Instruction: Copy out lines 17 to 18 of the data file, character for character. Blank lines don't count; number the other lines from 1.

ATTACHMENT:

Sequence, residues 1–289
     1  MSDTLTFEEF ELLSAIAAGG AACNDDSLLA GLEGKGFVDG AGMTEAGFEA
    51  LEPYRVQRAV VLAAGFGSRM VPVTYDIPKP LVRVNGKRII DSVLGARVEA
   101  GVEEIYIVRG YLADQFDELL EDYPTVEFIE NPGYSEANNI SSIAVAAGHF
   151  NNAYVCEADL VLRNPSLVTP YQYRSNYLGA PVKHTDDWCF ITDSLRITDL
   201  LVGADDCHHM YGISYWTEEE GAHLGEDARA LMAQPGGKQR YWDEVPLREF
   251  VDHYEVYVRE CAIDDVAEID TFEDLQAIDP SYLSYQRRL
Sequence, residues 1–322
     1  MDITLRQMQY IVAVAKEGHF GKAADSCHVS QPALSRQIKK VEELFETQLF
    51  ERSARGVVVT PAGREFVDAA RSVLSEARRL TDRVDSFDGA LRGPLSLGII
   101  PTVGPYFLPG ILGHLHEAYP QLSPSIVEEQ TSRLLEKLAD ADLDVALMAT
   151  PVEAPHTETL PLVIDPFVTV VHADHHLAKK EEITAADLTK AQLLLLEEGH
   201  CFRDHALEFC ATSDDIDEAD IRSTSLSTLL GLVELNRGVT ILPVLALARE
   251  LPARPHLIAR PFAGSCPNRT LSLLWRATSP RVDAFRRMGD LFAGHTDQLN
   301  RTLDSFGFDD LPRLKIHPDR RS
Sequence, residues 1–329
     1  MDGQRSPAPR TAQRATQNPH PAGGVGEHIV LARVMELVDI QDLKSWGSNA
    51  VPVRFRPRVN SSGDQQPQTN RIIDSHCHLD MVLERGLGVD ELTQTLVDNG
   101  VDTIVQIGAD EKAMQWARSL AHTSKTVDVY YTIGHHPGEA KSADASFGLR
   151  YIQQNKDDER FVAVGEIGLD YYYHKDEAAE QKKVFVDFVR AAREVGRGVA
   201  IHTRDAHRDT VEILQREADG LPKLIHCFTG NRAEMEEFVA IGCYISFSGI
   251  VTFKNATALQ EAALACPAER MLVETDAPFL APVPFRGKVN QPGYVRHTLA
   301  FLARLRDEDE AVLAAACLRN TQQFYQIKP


     1  MDGQRSPAPR TAQRATQNPH PAGGVGEHIV LARVMELVDI QDLKSWGSNA
    51  VPVRFRPRVN SSGDQQPQTN RIIDSHCHLD MVLERGLGVD ELTQTLVDNG